NDJ:8 Carola Chase


After 62 years a person should remember another person’s eyes, no? You’d probably say, “What was so special about my eyes? They were old.” See, your voice, it’s like you’re right here. But not your eyes, which were special. To me they were.

You should see me and Schnitzel moping around the apartment. Tessele, it’s so quiet without you. It’s funny, all the talking we did for all those years, though I could read you without your saying a word. I got used to your voice with me all the time. Even those times when some quiet would

have been okay too. Other voices aren’t yours. What can I say? Not even the kids, who call every day, like clock work. And then there’s the charming Irma Goettle (whose voice made you think Ethel Merman on steroids). She’s

constantly checking to see how I am. The answer is, not so good. Don’t worry, Tess. All of Irma Goettle couldn’t compare with your pinky finger. No, you will never be replaced, despite the scores of beautiful women I turn away night after night. So I talk to myself, like a crazy person, or to Schnitzel, which you might think isn’t so healthy either. Don’t judge. Schnitzel’s good company. She waits for you by the front door, wagging at every sound, including the dainty footsteps of Irma Goettle waddling down the hall. And, truthfully, my heart idiotically skips a beat when I see her tail going. Schnitzel’s, that is, not Irma Goettle’s. Schnitzel’s ears are better than mine these days, so I keep thinking maybe she knows something I don’t. Mostly, I still talk to you. Like you might be wondering about the weather around here or the state of my hip, which isn’t so great since you ask. I miss that voice asking, “Can I fix you a little something. A nice piece cake, maybe?” Funny how you had that touch of an accent ‘til the very end, which was one month ago today, in about 45 minutes, in case you’re not keeping track. The last thing you said, whispered really, was, “Arnie, Arnie.” Remember? I just listened and squeezed your hand, but I was thinking, “Tessele, open your eyes. Just once more.”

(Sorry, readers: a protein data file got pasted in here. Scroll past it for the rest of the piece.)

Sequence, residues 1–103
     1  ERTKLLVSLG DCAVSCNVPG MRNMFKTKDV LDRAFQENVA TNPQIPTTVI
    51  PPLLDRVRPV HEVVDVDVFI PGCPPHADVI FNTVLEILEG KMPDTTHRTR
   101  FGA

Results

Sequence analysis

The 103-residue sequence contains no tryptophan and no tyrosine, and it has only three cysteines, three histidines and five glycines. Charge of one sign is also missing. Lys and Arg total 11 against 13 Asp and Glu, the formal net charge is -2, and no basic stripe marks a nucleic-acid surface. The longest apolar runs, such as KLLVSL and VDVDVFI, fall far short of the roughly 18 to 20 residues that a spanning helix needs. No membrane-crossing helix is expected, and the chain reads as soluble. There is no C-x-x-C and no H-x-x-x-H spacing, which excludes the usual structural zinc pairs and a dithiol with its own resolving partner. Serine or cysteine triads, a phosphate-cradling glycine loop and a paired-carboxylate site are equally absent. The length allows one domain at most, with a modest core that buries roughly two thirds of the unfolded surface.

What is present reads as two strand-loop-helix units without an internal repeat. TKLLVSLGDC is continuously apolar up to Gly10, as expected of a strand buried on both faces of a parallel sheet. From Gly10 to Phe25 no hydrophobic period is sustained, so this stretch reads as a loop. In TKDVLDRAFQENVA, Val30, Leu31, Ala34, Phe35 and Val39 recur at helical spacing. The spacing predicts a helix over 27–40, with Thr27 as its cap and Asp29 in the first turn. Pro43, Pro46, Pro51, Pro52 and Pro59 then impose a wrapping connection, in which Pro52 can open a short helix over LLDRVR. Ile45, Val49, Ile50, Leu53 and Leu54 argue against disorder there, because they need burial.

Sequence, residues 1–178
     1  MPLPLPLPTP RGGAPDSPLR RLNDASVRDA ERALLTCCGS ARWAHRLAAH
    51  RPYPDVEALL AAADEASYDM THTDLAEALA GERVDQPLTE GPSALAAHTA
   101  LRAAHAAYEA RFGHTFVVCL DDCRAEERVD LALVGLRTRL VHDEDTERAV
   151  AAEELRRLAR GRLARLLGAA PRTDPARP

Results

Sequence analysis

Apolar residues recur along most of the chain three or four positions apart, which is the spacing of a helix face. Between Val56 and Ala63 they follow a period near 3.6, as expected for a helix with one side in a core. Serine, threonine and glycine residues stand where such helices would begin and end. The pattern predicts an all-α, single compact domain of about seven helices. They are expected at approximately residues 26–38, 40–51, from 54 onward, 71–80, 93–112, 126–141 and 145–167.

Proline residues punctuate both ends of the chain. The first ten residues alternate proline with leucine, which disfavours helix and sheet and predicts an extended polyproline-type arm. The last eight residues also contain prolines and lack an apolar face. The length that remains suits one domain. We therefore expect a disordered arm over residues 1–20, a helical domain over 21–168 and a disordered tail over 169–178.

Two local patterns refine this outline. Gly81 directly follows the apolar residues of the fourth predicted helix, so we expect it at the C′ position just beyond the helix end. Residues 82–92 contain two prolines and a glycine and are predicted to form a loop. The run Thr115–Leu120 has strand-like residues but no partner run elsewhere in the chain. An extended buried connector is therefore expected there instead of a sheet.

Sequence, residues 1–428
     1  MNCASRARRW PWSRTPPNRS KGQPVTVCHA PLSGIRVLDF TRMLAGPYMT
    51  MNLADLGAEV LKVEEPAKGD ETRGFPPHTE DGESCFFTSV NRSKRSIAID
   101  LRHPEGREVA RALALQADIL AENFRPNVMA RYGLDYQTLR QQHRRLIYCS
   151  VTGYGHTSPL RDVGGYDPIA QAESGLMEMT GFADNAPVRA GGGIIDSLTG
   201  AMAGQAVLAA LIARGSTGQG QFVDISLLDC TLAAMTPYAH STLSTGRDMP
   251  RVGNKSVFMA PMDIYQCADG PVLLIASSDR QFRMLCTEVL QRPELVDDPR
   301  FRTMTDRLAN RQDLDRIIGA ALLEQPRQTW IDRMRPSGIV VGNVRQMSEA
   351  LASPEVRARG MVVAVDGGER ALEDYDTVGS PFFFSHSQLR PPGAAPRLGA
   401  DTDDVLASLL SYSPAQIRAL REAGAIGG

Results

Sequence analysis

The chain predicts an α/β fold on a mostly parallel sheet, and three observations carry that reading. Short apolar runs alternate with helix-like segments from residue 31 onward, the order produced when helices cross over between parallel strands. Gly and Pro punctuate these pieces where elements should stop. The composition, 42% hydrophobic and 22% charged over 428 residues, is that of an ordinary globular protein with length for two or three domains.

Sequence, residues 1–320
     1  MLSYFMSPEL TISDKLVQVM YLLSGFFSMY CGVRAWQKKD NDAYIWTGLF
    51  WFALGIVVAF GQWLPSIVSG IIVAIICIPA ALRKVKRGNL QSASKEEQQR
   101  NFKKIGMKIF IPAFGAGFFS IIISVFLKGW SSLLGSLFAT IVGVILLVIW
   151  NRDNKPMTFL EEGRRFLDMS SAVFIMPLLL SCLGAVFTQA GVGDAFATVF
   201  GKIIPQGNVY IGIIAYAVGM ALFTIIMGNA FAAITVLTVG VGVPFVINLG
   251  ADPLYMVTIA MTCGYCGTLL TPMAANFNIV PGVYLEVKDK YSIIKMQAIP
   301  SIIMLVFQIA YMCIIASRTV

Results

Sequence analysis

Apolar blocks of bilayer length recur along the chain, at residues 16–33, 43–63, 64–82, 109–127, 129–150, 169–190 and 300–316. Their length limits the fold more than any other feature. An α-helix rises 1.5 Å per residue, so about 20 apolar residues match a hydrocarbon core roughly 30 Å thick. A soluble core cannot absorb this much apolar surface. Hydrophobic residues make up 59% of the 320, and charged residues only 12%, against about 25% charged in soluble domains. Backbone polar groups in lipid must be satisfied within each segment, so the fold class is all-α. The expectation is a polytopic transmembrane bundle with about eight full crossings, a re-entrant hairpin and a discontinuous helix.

Last night I discovered some of your stew in the freezer –with the baby carrots and “top number one grade A steak,” as you called it. Then, hidden in the back of the refrigerator, sat a sad, lonely little dish of rice pudding, with cinnamon and raisins. I wanted to eat it, but, well, it was moldy. Throwing it away caused me pain right in my heart.

Remember when we met? Guys turned to look at you wherever we went, but you didn’t give a fig. Silly girl, just looking at me, always thinking I was so handsome and smart and witty. Which I am, though probably not everyone in the world would agree 100%, aside from the women knocking at the door. No wonder 62 years wasn’t long enough.

Schnitzel and I are wading through photo albums, her paw on my arm as I flip through the pages. Here’s a picture of you on my shoulders at the beach, laughing, your head thrown back; and you with Schnitzel as a puppy, nose to nose; in this one you’re sleeping, just the top of your head peeking out from the covers. I can’t find your eyes in any of them.

Finally! Here’s the one from about six months before you got sick. You’d been reading on the gray couch and glared at me when you saw the camera. Right before I snapped the picture you fussed with your hair for a second and said, “Oy, Arnie. I look like a mop!” Ahhh! There are those eyes smiling at me just the way they did 62 years ago. Remember?

Schnitzel and I are listening to a Sinatra record, like one we played on my Victrola so long ago, your wavy hair kind of stroking my face as we danced. Remember? And whenever you were gloomy or mad, like when I bought you that microwave for your birthday, I would play Frank and motion for you to come dance with me in the living room. Which, admit it, you could never resist.

He’s singing your favorite, “What’ll I Do?” Remember how you called it “Vut’ll I Do?” exaggerating the accent to be funny? I still laugh whenever I hear that song. Well, laugh and cry ‘cause really, vut’ll I do?